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Posts for tag: gum disease

By Carolyn Bronke Wind, DDS, PC
August 17, 2018
Category: Oral Health

Could your gums be trying to tell you that something is wrong?

Periodontal Disease

Gum disease affects about half of American adults, says the CDC. This condition is also the most common cause of tooth loss in adults. Providing your smile with the proper oral hygiene it requires day in and day out is paramount to keeping gums healthy. Of course, gum disease is known as the silent disease because symptoms don’t usually manifest right away. So, how can you tell that you have gum disease? You might not! This is why visiting our La Grange, IL, dentists Dr. Carolyn Bronke and Dr. Josephine Puleo every six months for cleanings and checkups is so important for your oral health.

What are the symptoms of gum disease?

Again, symptoms don’t usually appear in the very beginning stages of gum disease so if you are noticing any of the symptoms below then it’s more likely that the gum disease is in a more advanced stage and will require an immediate assessment from our La Grange, IL, general dentists:

  • Red or swollen gums
  • Bleeding gums, particularly when brushing or flossing
  • Gums that are tender to the touch
  • Receding gums (will make teeth appear longer than usual)
  • Chronic bad breath
  • Feeling as if your teeth don’t fit together when you bite

Unfortunately, many people don’t even realize that they have gum disease until it’s too late. This is why visiting your dentist every six months is often the only way to detect it during its earliest stages. If gum disease is discovered when it’s still only gingivitis it can be reversed.

Of course, even if the problem isn’t found until it’s already become full-blown periodontal disease, a simple non-surgical treatment known as scaling and root planing can often treat the problem and reduce your risk for tooth loss and other complications.

How do I prevent gum disease?

Your at-home oral care routine is paramount to protecting the health of your teeth and gums. There are simple things you should do every day to protect your gums from gum disease such as:

  • Brush twice a day
  • Floss daily
  • Use a mouthwash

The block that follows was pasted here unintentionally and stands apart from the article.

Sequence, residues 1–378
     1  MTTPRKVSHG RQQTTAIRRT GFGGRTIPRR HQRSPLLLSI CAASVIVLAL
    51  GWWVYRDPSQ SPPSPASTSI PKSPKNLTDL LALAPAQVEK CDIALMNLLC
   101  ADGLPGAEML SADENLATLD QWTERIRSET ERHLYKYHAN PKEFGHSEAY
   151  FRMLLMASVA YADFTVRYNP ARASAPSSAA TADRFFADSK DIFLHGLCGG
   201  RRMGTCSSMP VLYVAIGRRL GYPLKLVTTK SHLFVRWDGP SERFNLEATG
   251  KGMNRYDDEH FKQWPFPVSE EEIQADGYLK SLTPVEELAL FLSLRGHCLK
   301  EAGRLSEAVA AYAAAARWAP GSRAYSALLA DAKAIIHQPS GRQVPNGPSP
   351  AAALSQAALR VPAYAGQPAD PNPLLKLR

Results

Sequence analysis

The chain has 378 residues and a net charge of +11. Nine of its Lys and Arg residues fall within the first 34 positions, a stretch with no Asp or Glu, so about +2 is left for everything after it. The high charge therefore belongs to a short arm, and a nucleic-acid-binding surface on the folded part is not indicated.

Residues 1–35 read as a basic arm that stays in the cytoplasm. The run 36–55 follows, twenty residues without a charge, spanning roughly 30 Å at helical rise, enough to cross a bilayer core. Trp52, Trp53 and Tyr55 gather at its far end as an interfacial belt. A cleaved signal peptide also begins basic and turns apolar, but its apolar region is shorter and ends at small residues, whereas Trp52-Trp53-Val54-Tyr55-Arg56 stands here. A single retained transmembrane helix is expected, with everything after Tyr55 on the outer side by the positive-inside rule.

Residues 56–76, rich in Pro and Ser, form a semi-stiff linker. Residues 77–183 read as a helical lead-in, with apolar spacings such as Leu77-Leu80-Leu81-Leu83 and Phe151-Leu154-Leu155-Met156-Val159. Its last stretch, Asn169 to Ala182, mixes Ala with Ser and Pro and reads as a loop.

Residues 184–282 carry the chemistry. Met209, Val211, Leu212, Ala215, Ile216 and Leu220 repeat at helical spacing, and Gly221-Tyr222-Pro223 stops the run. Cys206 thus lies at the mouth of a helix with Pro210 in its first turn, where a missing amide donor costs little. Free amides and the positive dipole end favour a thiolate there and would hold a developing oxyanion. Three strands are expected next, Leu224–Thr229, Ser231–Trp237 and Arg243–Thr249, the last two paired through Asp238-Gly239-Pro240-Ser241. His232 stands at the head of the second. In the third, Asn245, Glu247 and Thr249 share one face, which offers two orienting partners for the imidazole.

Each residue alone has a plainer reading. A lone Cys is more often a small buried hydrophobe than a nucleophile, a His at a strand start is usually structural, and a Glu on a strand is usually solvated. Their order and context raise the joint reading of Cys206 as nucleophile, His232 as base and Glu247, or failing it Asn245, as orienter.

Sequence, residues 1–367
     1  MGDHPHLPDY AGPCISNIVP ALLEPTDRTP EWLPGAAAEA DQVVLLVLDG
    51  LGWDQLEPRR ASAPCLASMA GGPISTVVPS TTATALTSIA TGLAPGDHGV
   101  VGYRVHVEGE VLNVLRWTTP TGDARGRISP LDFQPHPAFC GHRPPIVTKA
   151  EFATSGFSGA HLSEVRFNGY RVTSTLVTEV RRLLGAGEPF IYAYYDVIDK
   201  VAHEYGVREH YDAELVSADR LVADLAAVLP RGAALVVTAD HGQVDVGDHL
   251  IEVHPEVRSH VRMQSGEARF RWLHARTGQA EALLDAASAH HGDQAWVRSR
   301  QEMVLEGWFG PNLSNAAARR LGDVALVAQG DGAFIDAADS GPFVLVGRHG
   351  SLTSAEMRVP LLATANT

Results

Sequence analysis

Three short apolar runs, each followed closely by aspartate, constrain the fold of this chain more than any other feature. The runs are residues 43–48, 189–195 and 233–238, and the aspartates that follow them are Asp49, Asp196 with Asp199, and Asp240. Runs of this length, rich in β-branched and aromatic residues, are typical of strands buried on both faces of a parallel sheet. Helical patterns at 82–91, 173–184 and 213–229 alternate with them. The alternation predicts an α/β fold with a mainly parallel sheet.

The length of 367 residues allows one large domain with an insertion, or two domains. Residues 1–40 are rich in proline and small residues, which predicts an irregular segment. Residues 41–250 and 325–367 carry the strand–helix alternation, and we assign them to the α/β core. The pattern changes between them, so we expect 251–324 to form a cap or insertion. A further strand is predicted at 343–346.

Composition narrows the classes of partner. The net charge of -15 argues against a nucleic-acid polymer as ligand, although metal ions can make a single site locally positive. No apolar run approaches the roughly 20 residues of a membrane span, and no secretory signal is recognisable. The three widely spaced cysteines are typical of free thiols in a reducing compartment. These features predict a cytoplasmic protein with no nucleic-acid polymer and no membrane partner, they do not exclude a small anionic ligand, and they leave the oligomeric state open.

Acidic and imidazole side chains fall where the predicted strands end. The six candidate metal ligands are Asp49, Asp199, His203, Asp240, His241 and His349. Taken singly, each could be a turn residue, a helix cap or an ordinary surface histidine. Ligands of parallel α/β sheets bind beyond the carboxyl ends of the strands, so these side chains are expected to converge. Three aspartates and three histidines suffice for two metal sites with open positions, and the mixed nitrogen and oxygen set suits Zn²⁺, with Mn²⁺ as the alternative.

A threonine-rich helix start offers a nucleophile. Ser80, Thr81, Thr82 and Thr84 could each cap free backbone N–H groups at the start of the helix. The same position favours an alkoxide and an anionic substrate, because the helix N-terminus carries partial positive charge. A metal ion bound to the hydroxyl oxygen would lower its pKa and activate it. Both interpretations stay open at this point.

• Quit smoking
  • Limit sugar
  • Drink enough water

If you are noticing receding gums or other warning signs of gum disease, or if it’s just time to schedule your routine dental checkup, then it’s the perfect time to call our La Grange, IL, dental office to schedule an appointment.

By Carolyn Bronke Wind, DDS, PC
December 11, 2017
Category: Dental Procedures
Tags: gum disease  
AdvancingGumDiseaseRequiresYourDentistsIntervention

Your gums’ primary role is to protect your teeth and keep them firmly in place. But periodontal (gum) disease can damage your gums to such an extent you could ultimately lose your teeth.

Gum disease is a progressive infection caused by bacterial plaque built up on tooth surfaces from poor oral hygiene. The initial infection triggers inflammation, a defensive response of the body characterized by swelling, redness and bleeding of the gums. An initial form of the disease known as gingivitis occurs in most people after just a few days without brushing or flossing.

Resuming hygienic activities to remove daily plaque, along with regular dental cleanings, may be enough to stop gingivitis and restore healthy gums. If the disease is allowed to advance, however, the infected gum tissues will begin to detach from the teeth, turning the slight normal gaps between teeth and gums into wider voids known as periodontal pockets that fill with bacteria leading to infection. Your hygiene efforts will not be enough to cope with this advanced form of periodontal disease.